A car, speeding away from police, slammed into a home in Fort Dodge early Saturday morning.
Both occupants of the car were injured, but everyone in the home, including a small dog, was unharmed.
Fort Dodge Police Sgt. Paul Samuelson said alcohol and speed were believed factors in the crash.
He said a “the good samaritan” who is not a police officer, helped arrest the driver of the car after he tried to run away from the scene of the accident.
The chain of events leading up to the car hitting the house on Sixth Ave. N. 1928 began around 2 a.m
According to Samuelson, the 2015 Toyota Camry was traveling north on 15th Street at First Avenue South and struck the rear of another northbound vehicle.
The Toyota swung around the vehicle it had just struck and continued north on 15th Street.
Samuelson said the Toyota turned east on First Avenue North, followed by the vehicle it struck. Near First Avenue North and 15th Street, the driver of the hit vehicle saw a police officer and told him what had happened.
The officer spotted the Toyota and turned on the squad car’s red and blue lights to try to stop it.
The Toyota didn’t stop. Instead, it headed east on 20th Street and then north. At the corner of 20th Street and Sixth Avenue North, the car failed to stop at a stop sign, crossed Sixth Avenue North, and crashed into the house.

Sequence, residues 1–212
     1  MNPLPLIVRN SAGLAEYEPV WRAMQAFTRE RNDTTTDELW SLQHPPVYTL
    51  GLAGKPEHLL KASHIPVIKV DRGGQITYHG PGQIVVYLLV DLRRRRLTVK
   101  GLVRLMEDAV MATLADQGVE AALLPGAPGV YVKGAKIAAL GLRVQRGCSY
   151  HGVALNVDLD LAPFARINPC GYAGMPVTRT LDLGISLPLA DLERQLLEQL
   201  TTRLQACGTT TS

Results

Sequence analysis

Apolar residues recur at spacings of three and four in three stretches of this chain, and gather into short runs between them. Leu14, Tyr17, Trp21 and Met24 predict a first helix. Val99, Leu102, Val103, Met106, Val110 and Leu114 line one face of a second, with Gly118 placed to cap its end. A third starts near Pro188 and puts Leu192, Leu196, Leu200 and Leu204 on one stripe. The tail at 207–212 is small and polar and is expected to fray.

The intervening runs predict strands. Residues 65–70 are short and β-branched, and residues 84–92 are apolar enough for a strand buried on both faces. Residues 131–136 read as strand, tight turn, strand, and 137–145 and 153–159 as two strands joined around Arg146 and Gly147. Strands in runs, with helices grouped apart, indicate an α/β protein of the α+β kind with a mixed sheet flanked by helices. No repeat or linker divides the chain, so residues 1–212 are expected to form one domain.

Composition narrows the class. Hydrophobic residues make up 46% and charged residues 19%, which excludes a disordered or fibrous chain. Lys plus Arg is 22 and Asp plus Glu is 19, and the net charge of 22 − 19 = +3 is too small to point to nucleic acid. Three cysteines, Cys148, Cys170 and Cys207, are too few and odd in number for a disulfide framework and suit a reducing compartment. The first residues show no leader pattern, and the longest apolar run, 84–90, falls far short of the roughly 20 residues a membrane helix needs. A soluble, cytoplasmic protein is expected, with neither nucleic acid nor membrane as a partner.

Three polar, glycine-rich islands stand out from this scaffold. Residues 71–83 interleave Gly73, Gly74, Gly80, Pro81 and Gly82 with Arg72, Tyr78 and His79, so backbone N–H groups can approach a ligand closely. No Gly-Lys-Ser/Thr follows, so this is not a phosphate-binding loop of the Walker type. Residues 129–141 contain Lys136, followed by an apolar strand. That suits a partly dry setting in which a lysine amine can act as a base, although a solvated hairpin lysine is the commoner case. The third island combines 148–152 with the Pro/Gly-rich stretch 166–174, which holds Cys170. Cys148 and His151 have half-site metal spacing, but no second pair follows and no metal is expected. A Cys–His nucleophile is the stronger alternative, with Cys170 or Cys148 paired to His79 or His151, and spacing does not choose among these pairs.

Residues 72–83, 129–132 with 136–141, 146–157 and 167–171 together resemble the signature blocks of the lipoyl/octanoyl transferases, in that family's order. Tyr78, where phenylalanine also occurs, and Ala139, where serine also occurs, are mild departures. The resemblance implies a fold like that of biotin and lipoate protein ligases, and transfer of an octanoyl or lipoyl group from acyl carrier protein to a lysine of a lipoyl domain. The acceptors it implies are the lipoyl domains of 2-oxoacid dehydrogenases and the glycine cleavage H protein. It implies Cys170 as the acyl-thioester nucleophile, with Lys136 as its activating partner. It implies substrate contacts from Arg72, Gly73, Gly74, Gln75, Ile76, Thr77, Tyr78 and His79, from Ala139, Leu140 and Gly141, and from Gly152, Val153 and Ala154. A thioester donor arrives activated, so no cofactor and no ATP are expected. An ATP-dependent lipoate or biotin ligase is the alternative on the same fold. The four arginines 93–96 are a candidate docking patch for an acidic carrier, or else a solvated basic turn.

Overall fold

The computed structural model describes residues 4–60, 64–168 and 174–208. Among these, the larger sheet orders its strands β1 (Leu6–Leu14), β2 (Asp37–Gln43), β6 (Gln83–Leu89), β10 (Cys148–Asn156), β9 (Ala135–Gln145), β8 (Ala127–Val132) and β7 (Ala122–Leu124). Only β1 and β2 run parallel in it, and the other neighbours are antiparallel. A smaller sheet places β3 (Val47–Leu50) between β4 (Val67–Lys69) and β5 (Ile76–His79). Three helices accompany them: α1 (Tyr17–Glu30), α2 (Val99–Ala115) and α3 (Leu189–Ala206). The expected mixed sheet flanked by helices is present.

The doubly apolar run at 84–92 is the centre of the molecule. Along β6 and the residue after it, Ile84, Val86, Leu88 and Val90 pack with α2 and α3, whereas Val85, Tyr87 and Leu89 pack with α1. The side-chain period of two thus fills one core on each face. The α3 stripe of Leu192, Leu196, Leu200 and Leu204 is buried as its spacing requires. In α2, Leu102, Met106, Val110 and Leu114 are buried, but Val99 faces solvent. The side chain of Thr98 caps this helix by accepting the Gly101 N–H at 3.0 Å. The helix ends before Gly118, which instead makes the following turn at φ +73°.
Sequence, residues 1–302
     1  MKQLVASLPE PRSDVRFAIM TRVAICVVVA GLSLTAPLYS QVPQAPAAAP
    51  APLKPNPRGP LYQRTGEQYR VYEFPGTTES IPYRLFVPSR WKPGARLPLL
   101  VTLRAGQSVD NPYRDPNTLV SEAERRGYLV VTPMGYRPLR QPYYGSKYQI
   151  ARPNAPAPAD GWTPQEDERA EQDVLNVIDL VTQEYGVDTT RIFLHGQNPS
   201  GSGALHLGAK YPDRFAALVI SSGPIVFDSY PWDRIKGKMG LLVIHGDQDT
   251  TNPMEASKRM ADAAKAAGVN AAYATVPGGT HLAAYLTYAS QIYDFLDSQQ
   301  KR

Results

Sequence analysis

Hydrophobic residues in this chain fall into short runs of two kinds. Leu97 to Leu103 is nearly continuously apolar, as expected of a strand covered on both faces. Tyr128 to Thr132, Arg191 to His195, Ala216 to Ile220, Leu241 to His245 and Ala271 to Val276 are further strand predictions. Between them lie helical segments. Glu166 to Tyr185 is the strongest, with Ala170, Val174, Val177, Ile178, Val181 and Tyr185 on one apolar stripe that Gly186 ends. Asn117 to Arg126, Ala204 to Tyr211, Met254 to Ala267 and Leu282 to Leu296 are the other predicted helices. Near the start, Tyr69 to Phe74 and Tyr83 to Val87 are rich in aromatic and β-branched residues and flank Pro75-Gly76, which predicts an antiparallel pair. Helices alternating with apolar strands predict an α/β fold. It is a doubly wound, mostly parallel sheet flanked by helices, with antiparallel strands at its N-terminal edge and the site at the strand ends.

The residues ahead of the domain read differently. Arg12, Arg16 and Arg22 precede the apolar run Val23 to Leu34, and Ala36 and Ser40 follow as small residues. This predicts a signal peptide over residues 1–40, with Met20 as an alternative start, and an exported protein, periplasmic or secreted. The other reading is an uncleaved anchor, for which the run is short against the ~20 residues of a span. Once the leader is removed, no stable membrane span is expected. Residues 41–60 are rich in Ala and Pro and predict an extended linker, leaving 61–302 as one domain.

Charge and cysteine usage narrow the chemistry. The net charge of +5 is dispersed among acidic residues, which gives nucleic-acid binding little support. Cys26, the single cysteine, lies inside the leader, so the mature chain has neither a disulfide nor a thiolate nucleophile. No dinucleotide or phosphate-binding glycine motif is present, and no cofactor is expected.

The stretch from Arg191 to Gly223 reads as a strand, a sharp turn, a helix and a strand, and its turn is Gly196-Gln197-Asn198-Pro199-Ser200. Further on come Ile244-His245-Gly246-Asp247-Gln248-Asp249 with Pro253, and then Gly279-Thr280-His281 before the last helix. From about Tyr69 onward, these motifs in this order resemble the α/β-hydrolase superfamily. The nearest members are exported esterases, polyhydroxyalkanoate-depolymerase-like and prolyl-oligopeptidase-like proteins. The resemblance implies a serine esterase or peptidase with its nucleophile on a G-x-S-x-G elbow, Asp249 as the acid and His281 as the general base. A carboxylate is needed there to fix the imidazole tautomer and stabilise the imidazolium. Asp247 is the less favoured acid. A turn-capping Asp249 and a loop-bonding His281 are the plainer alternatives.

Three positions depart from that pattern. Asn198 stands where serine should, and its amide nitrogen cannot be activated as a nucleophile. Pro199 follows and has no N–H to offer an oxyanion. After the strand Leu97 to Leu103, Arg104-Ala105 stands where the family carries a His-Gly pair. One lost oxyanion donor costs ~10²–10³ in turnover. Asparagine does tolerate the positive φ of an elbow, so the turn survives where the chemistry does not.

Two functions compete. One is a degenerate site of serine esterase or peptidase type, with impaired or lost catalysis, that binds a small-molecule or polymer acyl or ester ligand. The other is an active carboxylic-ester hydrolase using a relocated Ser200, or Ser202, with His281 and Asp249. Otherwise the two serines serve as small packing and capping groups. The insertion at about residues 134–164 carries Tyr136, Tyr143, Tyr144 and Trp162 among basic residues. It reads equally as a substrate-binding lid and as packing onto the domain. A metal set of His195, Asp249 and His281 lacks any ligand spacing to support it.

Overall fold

Samuelson said officers got the driver out of the car and handcuffed him. The driver tried to run away.
Then the good Samaritan stopped him and “Escorted him to the ground” Said Samuelson.
While dealing with the driver, officers checked on the residents of the home.
“We feared the worst” Said Samuelson. “By the grace of God we didn’t have that.”
He said four people who were in the front living room exited that room just before the car hit it.
The other occupant of the car was trapped in the front passenger seat and was removed by the Fort Dodge Fire Department. Both occupants of the car were transported to UnityPoint Health – Trinity Regional Medical Center.
The names of the driver and others involved have not been released as the accident is still under investigation. Samuelson said he believes numerous criminal charges will be filed.
He said the front of the house was destroyed and the foundation appeared to be damaged.
“There is no way you can live in the house” he said.
The two-story home is owned by FDG Investments Inc. of Fort Dodge, according to Webster County appraiser’s online records. It was built in 1915.